(RNS) — For some American Buddhists, seeing a photo of Mipham Rinpoche on the front page of The New York Times this week was a shock. Though he’s the leader of the largest Western Buddhist organization, Shambhala International, Rinpoche rarely draws attention from the mainstream press. His last appearance in the Times was in 2005 when he ran the New York City Marathon.
This time the headline read: “The ‘King’ of Shambhala Buddhism Is Undone by Abuse Report.”
Certainly those who have found in Shambhala, based in Nova Scotia, a community that offers the promise of well-being and steady inner peace, the allegations that Rinpoche had sexually abused female followers for years are powerfully disillusioning.
As a psychoanalyst, a woman, and long-term practitioner of Tibetan Buddhism, I find these recent allegations sadly predictable. Some years back a documentary about Mipham Rinpoche’s father, the famous Chogyam Trungpa, was released, detailing his life as a beloved spiritual mentor. The film failed to explore Trungpa’s personal trauma history, his well-known addiction history, and countless examples of sexual misconduct.
Trungpa fled Tibet amid severe political turmoil, survived a life-threatening car accident, and founded a Buddhist community in a country far from home. He was also a heavy drinker, and engaged in behaviors that most clinicians would identify as clear indicators of trauma, possibly psychosis.
Yet Trungpa’s students were encouraged to interpret these extreme behaviors as examples of “crazy wisdom.” As in all Tibetan traditions, they were taught to perceive Trungpa as an enlightened being, and to cull spiritual meaning from his every word and action.
Teachers, however, are people, too. They have the capacity to get badly hurt, and like many, to protectively resist seeking help for problems that have become too much to manage alone. When they are identified as exceptional beings, endowed with spiritual insight that can generate boundless healing, teachers may feel they have to camouflage their personal problems — hide them away somewhere and live up to the idealizations they are saddled with.
The healthier spiritual teachers, such as the Dalai Lama, routinely try to soften students’ need for an ideal mentor.
“I’m just an ordinary monk,” he often says, as a needed reminder that he too suffers, needs help, gets annoyed, and must set limits to stay sane.
These reality checks help spiritual seekers cultivate within themselves the attributes they are tempted to place solely in the teacher. This gets to the basic Buddhist teaching – that the capacity for genuine well-being does not belong to the lucky few. It’s within us all, but must be cultivated and nurtured.
With the revelations about Mipham Rinpoche, we are contending with another generation of spiritual teachers who have clearly caused pain and suffering to many women and their loved ones. In the psychoanalytic tradition, there’s extensive discussion of what we call the intergenerational transmission of trauma. Research shows a parent’s acute, unaddressed suffering will be transmitted to the child through the attachment system; other studies have suggested that trauma is transmitted genetically, as is addiction.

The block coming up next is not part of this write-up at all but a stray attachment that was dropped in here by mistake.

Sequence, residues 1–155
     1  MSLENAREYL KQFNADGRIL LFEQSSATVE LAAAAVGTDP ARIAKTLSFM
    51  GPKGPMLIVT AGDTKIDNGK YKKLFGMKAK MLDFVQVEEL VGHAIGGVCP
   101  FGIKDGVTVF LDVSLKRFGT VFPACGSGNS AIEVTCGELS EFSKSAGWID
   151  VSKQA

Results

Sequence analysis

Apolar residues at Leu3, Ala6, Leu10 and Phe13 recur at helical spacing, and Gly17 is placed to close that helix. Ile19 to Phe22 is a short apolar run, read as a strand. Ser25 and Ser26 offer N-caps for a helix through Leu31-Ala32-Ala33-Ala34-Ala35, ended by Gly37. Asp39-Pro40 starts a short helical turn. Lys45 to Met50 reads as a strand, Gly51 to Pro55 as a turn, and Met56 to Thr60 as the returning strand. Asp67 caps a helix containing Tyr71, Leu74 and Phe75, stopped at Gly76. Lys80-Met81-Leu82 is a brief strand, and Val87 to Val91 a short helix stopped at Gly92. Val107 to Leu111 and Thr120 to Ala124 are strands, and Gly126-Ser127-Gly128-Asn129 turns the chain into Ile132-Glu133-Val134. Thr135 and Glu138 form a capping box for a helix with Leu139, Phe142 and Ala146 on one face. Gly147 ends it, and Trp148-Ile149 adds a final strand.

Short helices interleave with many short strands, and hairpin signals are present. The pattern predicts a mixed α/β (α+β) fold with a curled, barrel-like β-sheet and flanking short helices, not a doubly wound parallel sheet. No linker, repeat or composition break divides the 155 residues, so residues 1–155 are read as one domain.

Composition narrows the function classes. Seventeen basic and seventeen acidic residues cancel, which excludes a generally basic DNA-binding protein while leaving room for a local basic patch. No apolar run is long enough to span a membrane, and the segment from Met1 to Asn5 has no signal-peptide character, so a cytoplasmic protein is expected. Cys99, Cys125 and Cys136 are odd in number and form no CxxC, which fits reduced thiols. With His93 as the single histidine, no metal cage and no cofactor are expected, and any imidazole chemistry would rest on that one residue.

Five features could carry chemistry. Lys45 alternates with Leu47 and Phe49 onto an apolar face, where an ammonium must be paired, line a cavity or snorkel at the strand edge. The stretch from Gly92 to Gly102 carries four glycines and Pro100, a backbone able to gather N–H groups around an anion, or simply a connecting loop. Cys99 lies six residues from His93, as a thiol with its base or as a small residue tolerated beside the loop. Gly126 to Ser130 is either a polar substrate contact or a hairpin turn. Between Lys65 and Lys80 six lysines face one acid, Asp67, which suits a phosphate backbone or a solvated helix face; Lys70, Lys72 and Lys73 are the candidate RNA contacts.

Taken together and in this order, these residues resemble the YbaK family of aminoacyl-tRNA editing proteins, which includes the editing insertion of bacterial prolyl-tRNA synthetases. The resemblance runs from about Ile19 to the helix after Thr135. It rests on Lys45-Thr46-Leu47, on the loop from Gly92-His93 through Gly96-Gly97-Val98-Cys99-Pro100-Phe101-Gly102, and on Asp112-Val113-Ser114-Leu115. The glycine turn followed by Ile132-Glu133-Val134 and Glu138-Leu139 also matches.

If Rinpoche’s father sought refuge from feelings of aloneness and alienation by seeking sex and alcohol, in other words, it’s more than possible that his son inherited both the pain of feeling too alone and the defense against it through sex, the fantasy of being desirable to all, and the attempts to soften any residual guilt and shame through drinking.
There is a lesson here for all religious communities. No matter the wisdom a teacher or pastor or imam dispenses, no one is exempt from psychological suffering.
If this were more commonly understood in religious communities, it would be less shameful for exalted spiritual mentors to receive clinical treatment. It would also help students understand that it is possible to be simultaneously gifted and disturbed.
Great gifts of spiritual insight can coexist with psychological and psychiatric illness. Our talents and our troubles deserve respect and care. This is something I’ve tried to emphasize as a clinician active in spiritual communities where psychological problems are often treated as spiritual ones.
When Trungpa’s transgressions came to light, the #MeToo movement had not yet begun.I appreciate all the women who have risked exposing their personal pain in this movement. These acts of courage have ushered in a new level of awareness that sexual abuse and harassment are far too common in women’s experience, across socio-economic, racial, and religious differences.
I would respectfully add that the Buddhist tradition has also been impacted by the sexism and misogyny that a patriarchal perspective creates. What we have learned about in the Shambhala crisis is not due solely to personal trauma; it is also informed by a culture that sexualizes and insufficiently respects women.
Perhaps in the years to come, the #MeToo allegations will usher in a growing awareness that sexism invariably sets the stage for suffering in all faiths. I hope for mine that it will create increased opportunities for female Buddhist teachers, and male Buddhist teachers who have grappled with their own tendencies and values regarding gender and sexuality.
Doing so will go a long way toward living out the historical Buddha’s primary wish: to understand and reduce suffering until all human beings are well because they have learned to live in a way that does no harm, to self or others.
(Pilar Jennings is a writer and psychoanalyst in private practice based in New York City. The views expressed in this commentary do not necessarily represent those of Religion News Service.)